1800 - 1850
Walled garden complex on irregular-plan associated with Drumbeg House/Clover Hill (see 40909209), erected c. 1820 and extended c. 1860. Now out of use, overgrown and inaccessible in places. Some recent alterations, c. 2007, including infilling of part of walled garden with earth from elsewhere on site. Walls constructed of coursed rubble and random rubble stone masonry with flush roughly dressed quoins to a number of the corners; ashlar and rubble stone coping. Square-headed doorways/entrances in places, now mostly blocked/infilled with rubble stone masonry. Remains of former glasshouses and rubble stone sheds/outbuildings on rectangular-plan to site, now ruinous. Formerly bowed section of boundary wall to the east recently removed. Located to the north-east of Drumbeg House/Clover Hill and to the west of Mountcharles. Site slopes from north/north-east to south/south-west towards the Eany Water and Inver Bay. Former garden pond associated with site (having island) survives to the east (now in separate ownership).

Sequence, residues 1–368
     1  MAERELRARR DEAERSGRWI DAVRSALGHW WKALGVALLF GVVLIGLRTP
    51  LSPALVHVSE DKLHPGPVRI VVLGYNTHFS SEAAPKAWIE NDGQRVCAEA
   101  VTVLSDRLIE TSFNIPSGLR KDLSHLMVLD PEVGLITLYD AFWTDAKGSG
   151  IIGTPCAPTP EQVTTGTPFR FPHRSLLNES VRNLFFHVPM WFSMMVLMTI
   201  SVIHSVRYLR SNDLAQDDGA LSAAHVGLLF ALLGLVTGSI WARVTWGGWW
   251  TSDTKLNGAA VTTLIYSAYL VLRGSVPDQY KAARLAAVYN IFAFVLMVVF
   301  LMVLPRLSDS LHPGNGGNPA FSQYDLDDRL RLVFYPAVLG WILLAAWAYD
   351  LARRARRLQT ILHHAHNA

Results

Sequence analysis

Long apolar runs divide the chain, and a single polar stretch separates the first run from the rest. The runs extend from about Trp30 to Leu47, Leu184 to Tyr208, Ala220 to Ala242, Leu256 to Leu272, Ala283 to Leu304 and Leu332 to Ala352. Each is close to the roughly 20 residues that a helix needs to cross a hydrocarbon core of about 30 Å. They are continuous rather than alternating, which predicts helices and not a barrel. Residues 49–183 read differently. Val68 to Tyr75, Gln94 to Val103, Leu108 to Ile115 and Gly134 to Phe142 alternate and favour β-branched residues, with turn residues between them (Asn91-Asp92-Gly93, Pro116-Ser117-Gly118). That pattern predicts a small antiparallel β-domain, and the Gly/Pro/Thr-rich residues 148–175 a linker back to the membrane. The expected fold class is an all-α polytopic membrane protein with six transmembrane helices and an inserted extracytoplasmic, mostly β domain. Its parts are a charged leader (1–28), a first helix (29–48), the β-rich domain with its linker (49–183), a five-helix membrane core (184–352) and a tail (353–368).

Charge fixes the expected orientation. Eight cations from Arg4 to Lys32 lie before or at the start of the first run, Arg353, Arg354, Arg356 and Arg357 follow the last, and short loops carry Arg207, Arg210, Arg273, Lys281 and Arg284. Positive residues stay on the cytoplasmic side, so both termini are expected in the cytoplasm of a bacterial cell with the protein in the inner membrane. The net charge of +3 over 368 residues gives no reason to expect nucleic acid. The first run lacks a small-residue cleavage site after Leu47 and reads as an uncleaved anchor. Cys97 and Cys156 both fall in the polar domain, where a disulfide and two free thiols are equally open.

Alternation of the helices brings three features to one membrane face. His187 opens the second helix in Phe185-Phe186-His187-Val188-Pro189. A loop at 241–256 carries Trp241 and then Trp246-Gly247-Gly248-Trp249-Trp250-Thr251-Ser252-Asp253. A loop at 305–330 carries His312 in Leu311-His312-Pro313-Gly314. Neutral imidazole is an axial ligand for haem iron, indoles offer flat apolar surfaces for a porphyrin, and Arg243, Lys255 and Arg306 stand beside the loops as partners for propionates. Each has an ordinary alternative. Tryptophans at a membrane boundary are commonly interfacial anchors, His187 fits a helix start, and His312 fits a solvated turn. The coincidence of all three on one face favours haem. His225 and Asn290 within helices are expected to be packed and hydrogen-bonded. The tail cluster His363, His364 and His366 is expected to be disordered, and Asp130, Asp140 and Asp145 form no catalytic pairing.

This large former walled garden(s) was originally built/laid-out to serve the estate of Drumbeg House/Clover Hill (see 40909809), and forms part of a group of related structures associated with this former estate. The robust and imposing rubble stone boundary walls survive in relatively good condition despite some recent demolitions and the fact that the site now out of use and largely overgrown to the interior. These walled gardens probably originally date to the end of the eighteenth century or to the first decades of the nineteenth century, and may have been originally laid-out for the Montgomery family (possibly the Revd. James Montgomery) who were in residence during this period. This complex of walled gardens was later greatly extended sometime during the second half of the nineteenth century, probably at the same time that an extensive phase of alterations and/or rebuilding was carried out at Drumbeg House/Clover Hill itself, c. 1840. The scale of these walled gardens provides an interesting historical insight into the extensive resources needed to run and maintain a middle-sized country estate in Ireland during the nineteenth century, when these gardens would have provided a wide variety of produce for use in the main house etc. The ruinous buildings to site were formerly glasshouses (map information; 1907 twenty-five inch map sheet) and probably potting sheds and other outbuildings. An ornamental pond with an artificial island adjacent to the east of the walled garden was formerly part of the Drumbeg House/Clover Hill estate but is now in separate ownership. This complex of former walled gardens adds context to the setting of Drumbeg House/Clover Hill, and is an integral element of the built heritage of the Inver/Mountcharles area.